The pandemic and its effects have forced businesses to accelerate their digitization strategies, with embedded finance at the forefront of this new trend. In fact, recent studies predict that embedded finance will have a global estimated market value of over $138 billion by 2026. Thailand’s own embedded finance market is expected to reach $1.576 million in 2022.
To understand the hype, it is important to examine the ways in which seamlessly integrating financial services will affect the end consumer and drive business. Here we explore why embedded services such as buy now, pay later (BNPL) are on the rise, and what some future applications of this approach may be.
What is embedded finance
At its core, “embedded finance” simply means the use of financial tools or services, such as lending, payment processing, or insurance by a non-financial provider, that is integrated into a business process. The availability of these tools is made possible through API’s (application programming interfaces), which allow different types of software to connect with each other.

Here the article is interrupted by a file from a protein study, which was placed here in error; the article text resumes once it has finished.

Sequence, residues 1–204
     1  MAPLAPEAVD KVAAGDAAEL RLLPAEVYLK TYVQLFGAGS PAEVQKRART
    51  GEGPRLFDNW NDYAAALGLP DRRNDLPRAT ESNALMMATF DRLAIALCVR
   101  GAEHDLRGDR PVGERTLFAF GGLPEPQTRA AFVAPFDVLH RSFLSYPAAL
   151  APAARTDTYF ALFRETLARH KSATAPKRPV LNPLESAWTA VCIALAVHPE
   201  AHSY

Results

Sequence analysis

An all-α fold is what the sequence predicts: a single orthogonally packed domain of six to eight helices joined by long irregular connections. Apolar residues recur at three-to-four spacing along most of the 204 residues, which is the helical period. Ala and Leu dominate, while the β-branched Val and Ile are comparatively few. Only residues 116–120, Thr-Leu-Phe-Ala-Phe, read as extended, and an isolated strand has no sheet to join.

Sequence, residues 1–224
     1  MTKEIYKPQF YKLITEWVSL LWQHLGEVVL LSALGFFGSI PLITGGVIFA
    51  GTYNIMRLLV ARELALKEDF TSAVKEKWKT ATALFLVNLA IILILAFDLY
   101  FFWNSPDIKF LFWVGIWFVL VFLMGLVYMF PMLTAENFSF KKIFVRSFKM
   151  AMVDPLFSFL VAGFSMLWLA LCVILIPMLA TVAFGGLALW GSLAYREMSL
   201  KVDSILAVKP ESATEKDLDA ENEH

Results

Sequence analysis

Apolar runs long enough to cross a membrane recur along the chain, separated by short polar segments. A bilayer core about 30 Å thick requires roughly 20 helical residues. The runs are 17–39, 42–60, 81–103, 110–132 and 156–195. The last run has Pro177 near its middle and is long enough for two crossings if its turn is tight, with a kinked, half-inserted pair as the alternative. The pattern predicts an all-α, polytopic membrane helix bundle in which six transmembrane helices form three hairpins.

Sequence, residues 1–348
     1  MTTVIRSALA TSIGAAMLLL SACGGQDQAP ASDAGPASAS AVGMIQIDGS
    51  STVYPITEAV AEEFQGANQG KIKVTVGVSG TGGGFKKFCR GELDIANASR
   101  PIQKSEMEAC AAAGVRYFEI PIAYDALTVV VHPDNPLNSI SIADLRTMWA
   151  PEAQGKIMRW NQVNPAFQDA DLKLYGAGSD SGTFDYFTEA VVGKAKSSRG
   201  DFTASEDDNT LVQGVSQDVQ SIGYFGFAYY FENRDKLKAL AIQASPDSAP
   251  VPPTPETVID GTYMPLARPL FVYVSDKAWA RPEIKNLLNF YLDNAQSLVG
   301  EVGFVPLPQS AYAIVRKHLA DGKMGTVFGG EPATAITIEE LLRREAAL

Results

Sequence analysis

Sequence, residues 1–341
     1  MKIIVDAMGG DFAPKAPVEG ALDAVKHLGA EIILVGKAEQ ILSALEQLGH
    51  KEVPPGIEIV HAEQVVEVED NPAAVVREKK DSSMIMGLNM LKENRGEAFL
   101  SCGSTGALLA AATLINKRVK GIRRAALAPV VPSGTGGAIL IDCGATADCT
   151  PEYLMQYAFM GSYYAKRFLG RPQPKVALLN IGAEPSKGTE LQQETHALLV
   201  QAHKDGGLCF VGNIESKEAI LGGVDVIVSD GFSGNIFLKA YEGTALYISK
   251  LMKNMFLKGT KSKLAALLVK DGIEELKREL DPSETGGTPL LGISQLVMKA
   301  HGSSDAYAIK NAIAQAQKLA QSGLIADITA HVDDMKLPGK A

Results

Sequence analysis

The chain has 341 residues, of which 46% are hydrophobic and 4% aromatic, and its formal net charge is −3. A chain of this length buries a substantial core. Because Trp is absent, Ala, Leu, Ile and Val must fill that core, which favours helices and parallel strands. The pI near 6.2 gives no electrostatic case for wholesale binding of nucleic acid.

If done well, most end consumers will not even realize they have used embedded finance or an outsourced third party to complete a transaction. In the past, users were often redirected to external vendors to complete financial transactions when buying online, because offering financial services creates significant problems for companies. At a minimum, such services introduce risk compliance and regulatory issues, as well as the need to develop payment technology and related software, which can be time-consuming and expensive.
Banking as a Service (BaaS) lets companies provide better, more comprehensive service while keeping customers within their digital ecosystems. The future will see more integration and well-designed API’s, of this sort, allowing traditional banks to remain involved but become less visible, with e-transactions seeming as though they are kept between the consumer and vendor. This push towards efficiency and interoperability will massively reduce the resource burden of building new financial services, so that more time can be spent on pure innovation.